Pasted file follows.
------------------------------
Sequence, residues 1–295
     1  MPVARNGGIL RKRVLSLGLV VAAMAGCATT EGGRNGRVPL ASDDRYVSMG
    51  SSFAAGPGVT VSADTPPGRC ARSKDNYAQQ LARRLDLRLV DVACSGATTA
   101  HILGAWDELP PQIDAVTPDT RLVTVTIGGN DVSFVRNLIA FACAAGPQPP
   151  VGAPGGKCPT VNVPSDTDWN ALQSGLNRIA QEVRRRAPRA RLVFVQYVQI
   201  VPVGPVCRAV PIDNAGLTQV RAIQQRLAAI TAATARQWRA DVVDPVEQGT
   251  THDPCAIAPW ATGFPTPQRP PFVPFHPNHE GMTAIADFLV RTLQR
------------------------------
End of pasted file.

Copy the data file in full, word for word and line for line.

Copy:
Sequence, residues 1–295
     1  MPVARNGGIL RKRVLSLGLV VAAMAGCATT EGGRNGRVPL ASDDRYVSMG
    51  SSFAAGPGVT VSADTPPGRC ARSKDNYAQQ LARRLDLRLV DVACSGATTA
   101  HILGAWDELP PQIDAVTPDT RLVTVTIGGN DVSFVRNLIA FACAAGPQPP
   151  VGAPGGKCPT VNVPSDTDWN ALQSGLNRIA QEVRRRAPRA RLVFVQYVQI
   201  VPVGPVCRAV PIDNAGLTQV RAIQQRLAAI TAATARQWRA DVVDPVEQGT
   251  THDPCAIAPW ATGFPTPQRP PFVPFHPNHE GMTAIADFLV RTLQR